Working capital crunch, probe agency lens take sparkle off diamond business

Representative image. (Photo courtesy: Alrosa)
The $75-billion gems and jewellery sector in India is set for a big slowdown due to a squeeze in working capital loans from financial institutions and increased scrutiny from central agencies, after the Punjab National Bank-Nirav Modi scam early this year.

Export of gems and jewellery, and import of rough diamonds, have also seen a sharp fall.

Financial institutions have not only tightened their guidelines for new lending but stiffened the documentation requirements for disbursal of already sanctioned loans. Large companies with a clean record, however, face less pain than small and medium size units.

The impact has begun to be felt with a sharp decline in import of raw materials and in export.

"The ongoing slowdown in diamond business is the consequence of a seasonal decline in demand from both the domestic and overseas markets. The gems and jewellery industry has been facing difficulties in raising working capital from financial institutions after increased documentations for existing and new loans," said Dinesh Navadia, Secretary, Surat Diamond Bourse.

Data from the Gems and Jewellery Export Promotion Council (GJEPC) showed a 16.4 per cent decline in export at $5.7 billion (Rs 377 billion) for the first two months (April-May) of this financial year, as against $6.8 bn (Rs 436 billion) in the same period last year. In 2017-18, export fell 7.8 per cent.

Import of raw material, mainly rough and polished diamonds, have also declined sharply. GJEPC data show an eight per cent decline in rough diamond import at 3.23 million carats for April-May from the same period last year. Cut and polished diamond import fell 52 per cent to $207 mn for April-May from a year before.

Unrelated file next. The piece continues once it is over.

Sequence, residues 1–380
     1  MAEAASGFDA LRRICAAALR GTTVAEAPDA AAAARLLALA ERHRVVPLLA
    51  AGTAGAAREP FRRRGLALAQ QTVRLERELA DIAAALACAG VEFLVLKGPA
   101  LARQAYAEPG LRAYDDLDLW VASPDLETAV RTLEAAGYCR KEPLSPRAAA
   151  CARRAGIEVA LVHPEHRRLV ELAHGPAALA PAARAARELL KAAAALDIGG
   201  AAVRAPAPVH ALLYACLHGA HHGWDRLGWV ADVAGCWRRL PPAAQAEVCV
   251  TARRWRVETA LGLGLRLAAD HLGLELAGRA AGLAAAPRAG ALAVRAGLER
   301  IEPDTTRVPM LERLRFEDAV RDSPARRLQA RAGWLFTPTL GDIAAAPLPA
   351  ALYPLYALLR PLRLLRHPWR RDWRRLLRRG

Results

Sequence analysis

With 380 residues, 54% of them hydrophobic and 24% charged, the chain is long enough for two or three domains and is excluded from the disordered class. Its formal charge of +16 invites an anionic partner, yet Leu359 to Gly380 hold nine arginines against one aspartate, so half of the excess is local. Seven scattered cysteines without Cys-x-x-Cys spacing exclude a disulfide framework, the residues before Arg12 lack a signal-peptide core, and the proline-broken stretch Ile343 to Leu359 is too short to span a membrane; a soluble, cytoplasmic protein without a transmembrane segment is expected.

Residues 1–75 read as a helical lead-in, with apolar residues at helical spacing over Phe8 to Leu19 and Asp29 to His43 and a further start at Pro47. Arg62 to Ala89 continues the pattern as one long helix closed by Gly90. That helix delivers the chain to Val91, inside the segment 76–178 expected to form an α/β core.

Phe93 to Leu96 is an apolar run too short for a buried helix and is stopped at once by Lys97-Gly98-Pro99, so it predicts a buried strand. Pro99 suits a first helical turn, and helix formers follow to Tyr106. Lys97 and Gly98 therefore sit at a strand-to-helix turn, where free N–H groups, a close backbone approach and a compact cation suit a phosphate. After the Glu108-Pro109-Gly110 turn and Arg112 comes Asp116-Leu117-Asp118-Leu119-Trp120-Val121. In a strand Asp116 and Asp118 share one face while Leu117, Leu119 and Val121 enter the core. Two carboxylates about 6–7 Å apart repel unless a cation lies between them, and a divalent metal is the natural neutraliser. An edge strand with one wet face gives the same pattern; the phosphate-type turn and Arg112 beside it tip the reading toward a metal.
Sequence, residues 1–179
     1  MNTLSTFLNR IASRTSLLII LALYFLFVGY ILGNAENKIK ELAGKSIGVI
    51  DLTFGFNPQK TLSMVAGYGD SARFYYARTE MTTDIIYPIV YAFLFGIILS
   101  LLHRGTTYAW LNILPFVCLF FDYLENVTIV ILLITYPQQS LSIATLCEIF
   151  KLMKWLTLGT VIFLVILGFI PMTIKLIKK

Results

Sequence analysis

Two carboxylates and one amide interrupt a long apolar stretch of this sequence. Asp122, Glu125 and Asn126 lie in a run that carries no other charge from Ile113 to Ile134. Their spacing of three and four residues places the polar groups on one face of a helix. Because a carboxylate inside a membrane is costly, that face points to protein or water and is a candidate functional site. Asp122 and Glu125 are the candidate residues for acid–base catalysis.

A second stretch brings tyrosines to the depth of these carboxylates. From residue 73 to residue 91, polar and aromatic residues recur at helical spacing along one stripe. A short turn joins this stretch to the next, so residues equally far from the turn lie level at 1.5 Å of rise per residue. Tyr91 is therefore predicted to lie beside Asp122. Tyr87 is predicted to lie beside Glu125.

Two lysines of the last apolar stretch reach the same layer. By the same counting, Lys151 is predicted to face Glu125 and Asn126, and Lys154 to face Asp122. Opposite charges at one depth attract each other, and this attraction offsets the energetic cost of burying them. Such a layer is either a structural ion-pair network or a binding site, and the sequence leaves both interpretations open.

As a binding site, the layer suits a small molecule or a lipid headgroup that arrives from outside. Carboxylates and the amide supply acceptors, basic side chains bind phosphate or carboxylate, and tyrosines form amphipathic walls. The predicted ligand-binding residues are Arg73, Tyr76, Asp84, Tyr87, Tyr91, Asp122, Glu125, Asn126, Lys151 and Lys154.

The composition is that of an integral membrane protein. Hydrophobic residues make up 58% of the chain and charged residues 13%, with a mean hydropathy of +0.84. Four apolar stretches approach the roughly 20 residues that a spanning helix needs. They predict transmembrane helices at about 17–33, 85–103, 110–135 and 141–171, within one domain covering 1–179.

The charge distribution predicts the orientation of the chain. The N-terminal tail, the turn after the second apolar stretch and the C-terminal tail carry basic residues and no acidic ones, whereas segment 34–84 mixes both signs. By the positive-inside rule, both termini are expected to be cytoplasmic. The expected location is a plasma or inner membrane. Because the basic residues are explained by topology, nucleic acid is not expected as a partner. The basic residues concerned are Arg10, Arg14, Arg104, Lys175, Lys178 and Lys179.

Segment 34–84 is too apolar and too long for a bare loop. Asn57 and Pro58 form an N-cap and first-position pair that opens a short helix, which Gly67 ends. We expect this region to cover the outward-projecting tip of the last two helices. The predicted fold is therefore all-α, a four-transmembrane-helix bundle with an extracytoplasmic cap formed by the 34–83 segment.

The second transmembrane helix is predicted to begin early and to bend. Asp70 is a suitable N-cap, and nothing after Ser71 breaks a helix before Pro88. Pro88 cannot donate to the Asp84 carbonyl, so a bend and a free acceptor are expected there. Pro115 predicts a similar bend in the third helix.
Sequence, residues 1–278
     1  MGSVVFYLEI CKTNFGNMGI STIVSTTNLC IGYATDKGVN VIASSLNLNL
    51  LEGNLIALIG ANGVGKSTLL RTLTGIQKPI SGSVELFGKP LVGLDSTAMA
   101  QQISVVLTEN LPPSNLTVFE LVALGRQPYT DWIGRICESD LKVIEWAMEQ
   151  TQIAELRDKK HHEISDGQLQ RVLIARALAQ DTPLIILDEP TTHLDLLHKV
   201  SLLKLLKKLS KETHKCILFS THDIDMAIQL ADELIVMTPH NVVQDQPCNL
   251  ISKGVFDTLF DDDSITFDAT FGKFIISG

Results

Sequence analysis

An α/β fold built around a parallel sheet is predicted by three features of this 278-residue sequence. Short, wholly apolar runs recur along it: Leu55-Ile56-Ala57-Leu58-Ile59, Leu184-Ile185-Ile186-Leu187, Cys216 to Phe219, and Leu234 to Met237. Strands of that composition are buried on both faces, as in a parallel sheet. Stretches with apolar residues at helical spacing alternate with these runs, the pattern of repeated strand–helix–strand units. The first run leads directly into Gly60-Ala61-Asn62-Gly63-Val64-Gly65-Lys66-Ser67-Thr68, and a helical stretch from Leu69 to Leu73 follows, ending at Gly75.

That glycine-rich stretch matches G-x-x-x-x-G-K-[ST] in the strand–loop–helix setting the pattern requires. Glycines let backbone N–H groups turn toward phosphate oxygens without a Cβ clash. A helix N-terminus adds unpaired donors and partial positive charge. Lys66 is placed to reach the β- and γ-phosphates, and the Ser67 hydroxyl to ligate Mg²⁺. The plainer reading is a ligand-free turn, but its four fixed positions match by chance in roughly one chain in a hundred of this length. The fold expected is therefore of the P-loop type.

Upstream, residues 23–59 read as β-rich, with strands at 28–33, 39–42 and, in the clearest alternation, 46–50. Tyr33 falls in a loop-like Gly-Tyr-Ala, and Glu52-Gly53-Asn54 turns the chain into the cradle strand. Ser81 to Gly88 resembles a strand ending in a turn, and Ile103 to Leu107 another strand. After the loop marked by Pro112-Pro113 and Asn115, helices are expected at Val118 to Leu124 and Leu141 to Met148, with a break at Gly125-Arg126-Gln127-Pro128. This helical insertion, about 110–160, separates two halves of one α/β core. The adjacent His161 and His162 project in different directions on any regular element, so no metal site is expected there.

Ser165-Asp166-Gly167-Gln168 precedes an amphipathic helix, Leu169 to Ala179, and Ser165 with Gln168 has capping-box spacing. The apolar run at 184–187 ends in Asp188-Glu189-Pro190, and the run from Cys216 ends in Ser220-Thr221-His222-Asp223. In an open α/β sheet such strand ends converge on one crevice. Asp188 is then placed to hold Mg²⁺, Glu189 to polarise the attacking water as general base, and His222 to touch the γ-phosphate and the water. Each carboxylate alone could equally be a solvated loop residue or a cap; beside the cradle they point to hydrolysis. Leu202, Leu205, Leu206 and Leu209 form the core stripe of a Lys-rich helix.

Sabyasachi Ray, executive director of GJEPC, however, termed the decline a 'correction', not a 'slowdown'. "The figures shown now indicate genuine business. Inflated figures with round tripping, etc, have gone out of fashion," he explained.

However, overall gold jewellery export showed a big jump of 83.3 per cent to nearly $2.1 billion (Rs 138.6 billion) for April-May over the period last year.

"Exporters were waiting for withdrawal in the five per cent value added tax (VAT) imposed by the government of the United Arab Emirates (UAE) effective January 1. Because of this VAT levy, Dubai has lost the cost advantage in gold jewellery that purchasers used to enjoy till last year. In the past two months, however, exporters shipped the gold jewellery they held for the March quarter, resulting in a sharp increase," said Rajiv Popley, director of a leading export entity, with retail shops in India and Dubai.

Vinod Hayagriv, managing director of C Krishna Chetty & Sons, one of South India's largest diamond jewellery retailers, urges the government to remove some relatively small irritants to bring the jewellery business on track.

"A number of consumers prefer to pay cash for jewellery purchase over Rs 200,000 but do not want to divulge their PAN (income tax number) for this. The government, therefore, must consider increases in the cap for the PAN requirement. Cntinuous raids and call for nitty-gritty papers is another hurdle we are facing on a regular basis, which should be removed. Over half of our time is going for compliance, affecting our business development," he said.

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